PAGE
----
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Here is proof that not giving up works and why everything will be okay. I have dyslexia and ADD, and at the ripe age of 48, taught myself to knit. I spent 40 years telling myself I couldn’t do it. HAH! I was wrong!

This is a shout out to all you young artists going through the hoops, attending the university, the art academy, the graduate  program. You’ve spent A LOT of time attempting a marriage between images of your work and descriptive phrases. In an original way that is still academic, intelligible, and poetic. With references to your inspirations, a bow to your art heroes, and a quick nod to where you see your art in the pantheon of art historical and critical theory. If, like me, it ends in tears and feeling trite, unoriginal, and deflated, all I can say is this.

At this point, if you can’t write well about what you make, it’s okay. If writing about your work is an absolute painful struggle, but it’s necessary to write about it to keep making it; do it anyway.

And if you’re making things that look like souvenirs, you’ll get over it after a while. The absolute, most important thing of all, above words, above popularity, above intellectual opinion of others, is that you simply keep making. Just keep those hands and that brain and heart all moving together, and everything will be okay. It really, really will.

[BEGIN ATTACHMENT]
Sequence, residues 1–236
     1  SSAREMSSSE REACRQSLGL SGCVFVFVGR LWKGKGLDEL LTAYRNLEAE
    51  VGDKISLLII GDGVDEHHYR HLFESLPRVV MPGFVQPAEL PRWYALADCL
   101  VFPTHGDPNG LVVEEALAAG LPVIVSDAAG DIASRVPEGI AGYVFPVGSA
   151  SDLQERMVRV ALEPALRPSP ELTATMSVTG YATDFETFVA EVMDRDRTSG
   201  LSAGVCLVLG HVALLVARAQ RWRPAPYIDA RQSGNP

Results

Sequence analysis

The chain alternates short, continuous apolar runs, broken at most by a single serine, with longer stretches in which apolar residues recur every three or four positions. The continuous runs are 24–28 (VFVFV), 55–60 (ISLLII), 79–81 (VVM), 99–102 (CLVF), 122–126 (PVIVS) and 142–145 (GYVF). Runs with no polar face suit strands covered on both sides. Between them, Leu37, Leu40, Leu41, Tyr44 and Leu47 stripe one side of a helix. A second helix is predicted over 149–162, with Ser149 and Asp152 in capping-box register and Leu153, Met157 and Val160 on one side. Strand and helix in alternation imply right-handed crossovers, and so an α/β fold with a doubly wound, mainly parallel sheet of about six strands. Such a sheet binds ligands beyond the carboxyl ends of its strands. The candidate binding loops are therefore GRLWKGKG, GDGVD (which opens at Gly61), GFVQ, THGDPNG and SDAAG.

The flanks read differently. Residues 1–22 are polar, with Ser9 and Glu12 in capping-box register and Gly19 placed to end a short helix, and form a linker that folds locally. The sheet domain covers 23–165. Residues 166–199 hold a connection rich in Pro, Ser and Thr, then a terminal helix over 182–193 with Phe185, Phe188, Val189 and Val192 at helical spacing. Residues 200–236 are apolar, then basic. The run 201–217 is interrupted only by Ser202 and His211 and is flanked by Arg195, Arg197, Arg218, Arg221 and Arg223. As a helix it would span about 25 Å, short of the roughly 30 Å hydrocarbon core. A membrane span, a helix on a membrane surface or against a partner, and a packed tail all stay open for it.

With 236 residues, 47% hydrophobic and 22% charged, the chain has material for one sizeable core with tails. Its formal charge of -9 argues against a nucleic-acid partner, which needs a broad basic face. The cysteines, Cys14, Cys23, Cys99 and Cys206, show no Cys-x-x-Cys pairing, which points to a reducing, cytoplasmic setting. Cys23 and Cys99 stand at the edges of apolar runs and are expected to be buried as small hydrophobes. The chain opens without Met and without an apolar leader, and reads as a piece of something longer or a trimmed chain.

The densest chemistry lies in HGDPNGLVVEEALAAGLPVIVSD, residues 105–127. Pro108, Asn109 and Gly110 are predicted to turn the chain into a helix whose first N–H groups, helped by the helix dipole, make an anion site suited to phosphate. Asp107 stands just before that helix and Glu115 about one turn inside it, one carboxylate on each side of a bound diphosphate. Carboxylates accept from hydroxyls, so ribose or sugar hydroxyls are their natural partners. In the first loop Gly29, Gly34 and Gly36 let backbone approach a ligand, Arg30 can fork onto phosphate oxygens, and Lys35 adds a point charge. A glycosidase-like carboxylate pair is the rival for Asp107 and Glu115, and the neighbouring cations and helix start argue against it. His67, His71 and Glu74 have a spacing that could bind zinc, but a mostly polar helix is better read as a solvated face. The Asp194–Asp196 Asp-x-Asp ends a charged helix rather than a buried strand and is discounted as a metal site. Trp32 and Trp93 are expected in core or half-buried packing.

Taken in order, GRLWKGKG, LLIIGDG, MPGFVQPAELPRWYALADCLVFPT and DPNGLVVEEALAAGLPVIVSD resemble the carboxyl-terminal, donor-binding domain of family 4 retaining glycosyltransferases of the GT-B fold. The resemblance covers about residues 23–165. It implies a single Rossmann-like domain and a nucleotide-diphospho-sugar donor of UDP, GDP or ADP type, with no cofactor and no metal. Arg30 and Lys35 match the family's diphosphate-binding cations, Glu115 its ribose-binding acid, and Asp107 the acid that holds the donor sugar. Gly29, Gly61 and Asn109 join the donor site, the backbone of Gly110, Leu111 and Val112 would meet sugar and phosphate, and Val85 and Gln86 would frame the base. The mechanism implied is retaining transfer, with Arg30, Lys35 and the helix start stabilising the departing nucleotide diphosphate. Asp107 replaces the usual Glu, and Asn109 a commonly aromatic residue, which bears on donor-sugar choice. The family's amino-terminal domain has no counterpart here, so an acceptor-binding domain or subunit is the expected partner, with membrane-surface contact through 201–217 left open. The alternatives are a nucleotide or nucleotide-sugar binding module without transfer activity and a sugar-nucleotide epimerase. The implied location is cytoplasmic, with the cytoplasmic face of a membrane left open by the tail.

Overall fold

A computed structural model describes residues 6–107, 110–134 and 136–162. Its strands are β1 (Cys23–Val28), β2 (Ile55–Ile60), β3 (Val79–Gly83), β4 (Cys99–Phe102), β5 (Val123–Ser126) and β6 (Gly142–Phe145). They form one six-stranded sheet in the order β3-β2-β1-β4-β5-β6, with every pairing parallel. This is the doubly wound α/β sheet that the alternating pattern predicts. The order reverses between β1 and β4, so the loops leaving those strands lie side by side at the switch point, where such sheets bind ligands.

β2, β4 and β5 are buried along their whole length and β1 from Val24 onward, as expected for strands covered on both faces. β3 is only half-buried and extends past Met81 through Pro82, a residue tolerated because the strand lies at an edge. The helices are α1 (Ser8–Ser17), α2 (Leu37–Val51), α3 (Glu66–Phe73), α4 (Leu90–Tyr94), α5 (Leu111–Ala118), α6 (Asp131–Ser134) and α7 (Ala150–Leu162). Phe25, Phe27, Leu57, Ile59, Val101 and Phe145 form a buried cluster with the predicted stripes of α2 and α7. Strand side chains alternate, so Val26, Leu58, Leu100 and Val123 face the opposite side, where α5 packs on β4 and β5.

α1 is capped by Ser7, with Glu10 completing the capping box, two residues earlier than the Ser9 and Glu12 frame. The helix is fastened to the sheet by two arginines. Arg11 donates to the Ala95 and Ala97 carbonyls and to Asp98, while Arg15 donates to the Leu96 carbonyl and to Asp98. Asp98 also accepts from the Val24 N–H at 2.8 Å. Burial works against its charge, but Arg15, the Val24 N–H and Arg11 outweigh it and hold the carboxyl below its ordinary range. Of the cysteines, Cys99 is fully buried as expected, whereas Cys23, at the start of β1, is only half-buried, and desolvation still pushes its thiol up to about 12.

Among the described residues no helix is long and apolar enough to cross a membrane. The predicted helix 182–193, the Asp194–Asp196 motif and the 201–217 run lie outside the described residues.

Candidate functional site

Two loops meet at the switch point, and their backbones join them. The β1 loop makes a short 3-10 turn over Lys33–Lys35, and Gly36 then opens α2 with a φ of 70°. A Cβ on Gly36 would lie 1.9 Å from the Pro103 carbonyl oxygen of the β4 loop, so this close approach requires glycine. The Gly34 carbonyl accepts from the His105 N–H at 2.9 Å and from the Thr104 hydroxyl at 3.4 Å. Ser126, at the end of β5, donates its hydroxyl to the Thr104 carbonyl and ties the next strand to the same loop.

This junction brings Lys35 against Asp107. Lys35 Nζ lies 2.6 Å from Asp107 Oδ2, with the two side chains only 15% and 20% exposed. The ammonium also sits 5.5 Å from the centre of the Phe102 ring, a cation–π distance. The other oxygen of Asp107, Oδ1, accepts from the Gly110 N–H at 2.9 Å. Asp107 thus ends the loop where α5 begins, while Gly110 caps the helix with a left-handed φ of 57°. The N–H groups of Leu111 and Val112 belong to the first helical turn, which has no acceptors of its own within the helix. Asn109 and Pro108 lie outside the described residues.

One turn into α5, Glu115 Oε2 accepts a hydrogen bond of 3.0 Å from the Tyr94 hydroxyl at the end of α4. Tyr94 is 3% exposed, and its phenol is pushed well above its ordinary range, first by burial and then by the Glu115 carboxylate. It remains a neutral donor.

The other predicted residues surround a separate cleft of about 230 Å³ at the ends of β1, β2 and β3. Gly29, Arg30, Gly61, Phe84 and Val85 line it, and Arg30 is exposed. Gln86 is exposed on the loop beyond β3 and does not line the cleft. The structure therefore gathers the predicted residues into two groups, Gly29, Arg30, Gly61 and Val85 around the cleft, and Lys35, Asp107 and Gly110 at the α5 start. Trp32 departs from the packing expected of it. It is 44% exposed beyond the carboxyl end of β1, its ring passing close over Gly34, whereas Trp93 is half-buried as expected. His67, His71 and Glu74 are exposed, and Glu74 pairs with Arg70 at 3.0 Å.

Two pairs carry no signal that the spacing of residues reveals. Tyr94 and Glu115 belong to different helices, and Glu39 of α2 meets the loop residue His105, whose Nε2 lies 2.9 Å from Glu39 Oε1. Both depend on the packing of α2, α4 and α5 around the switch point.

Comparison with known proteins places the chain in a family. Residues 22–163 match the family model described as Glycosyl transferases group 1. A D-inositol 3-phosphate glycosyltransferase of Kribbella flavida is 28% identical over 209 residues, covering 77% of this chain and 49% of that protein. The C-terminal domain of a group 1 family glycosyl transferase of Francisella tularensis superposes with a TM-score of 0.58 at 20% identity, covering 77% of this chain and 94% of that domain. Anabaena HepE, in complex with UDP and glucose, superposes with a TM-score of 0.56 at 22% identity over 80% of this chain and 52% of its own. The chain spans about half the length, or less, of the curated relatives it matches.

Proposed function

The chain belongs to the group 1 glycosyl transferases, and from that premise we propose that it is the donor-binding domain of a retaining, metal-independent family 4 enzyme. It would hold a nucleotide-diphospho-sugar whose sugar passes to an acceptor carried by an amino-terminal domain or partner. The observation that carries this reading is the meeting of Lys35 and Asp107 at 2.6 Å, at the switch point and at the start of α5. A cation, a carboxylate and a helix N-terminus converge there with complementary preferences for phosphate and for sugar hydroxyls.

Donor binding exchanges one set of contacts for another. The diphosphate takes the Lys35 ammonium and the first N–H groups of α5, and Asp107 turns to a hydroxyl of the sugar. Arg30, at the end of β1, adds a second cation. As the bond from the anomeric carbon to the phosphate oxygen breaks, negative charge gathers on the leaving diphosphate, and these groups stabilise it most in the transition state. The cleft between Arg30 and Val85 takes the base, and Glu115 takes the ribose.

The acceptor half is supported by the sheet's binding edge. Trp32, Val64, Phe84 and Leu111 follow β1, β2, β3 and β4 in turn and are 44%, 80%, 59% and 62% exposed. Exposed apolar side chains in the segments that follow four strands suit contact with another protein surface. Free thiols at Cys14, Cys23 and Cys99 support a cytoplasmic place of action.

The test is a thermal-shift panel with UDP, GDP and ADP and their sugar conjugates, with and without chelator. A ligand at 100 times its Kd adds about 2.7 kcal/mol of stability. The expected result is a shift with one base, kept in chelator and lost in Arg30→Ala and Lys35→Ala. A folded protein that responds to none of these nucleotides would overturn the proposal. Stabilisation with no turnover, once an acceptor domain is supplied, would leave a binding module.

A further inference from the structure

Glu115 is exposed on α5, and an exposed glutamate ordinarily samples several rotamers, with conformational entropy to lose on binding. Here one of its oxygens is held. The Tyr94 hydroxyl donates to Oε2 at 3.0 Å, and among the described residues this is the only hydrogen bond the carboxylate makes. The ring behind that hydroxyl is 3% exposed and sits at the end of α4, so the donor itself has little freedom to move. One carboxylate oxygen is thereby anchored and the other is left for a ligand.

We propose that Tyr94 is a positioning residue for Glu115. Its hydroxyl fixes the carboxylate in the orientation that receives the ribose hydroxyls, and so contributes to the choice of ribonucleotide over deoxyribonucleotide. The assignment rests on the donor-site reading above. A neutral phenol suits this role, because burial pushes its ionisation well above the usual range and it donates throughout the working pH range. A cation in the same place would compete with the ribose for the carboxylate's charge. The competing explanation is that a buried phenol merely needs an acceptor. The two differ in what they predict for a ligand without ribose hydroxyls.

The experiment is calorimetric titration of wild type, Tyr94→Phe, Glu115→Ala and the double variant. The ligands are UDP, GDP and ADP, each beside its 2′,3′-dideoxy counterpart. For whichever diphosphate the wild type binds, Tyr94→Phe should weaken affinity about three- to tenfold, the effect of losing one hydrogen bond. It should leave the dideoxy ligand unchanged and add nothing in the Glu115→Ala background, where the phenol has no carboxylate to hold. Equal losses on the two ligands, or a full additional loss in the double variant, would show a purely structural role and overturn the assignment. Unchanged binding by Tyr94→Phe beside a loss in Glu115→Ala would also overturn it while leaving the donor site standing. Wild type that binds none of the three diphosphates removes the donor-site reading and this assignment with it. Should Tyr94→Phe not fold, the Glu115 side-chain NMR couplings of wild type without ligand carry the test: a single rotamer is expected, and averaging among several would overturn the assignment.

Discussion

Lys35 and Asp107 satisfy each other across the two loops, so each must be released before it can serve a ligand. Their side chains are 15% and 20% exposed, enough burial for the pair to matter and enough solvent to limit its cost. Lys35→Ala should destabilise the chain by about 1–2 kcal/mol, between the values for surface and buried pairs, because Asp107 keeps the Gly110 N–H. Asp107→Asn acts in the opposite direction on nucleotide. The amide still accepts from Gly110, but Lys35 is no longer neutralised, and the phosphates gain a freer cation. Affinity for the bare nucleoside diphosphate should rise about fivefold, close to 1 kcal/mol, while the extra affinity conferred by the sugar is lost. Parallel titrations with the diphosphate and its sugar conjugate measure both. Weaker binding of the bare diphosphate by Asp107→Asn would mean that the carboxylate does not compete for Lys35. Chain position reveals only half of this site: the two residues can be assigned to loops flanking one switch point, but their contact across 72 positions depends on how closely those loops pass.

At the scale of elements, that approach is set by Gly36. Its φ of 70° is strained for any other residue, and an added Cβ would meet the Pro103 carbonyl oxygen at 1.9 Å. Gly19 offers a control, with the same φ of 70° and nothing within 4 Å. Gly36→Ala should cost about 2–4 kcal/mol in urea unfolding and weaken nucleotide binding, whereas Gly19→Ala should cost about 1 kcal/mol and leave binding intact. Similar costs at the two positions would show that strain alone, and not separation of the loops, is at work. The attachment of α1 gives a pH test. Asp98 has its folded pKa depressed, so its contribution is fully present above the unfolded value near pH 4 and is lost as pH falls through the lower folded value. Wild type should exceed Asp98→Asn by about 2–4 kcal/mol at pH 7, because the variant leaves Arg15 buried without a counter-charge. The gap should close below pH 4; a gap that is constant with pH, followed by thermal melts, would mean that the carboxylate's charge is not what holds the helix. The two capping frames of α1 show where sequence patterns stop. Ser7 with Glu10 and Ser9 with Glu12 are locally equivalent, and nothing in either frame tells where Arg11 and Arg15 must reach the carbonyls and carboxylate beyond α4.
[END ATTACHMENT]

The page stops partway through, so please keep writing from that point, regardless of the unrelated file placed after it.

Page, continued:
Besides. Art is visual communication. It says what words alone can’t. The image above is proof of that. To me, the total, heartbreaking irony of this scenario is visual image and object makers MUST write about what they’re doing. Yes, we are responsible for understanding why we make what we do, and for whom. But putting pen to paper about it, as the maker, is difficult.

Difficult, like asking a writer to draw a good self-portrait.

Carry on, you superhuman, you.


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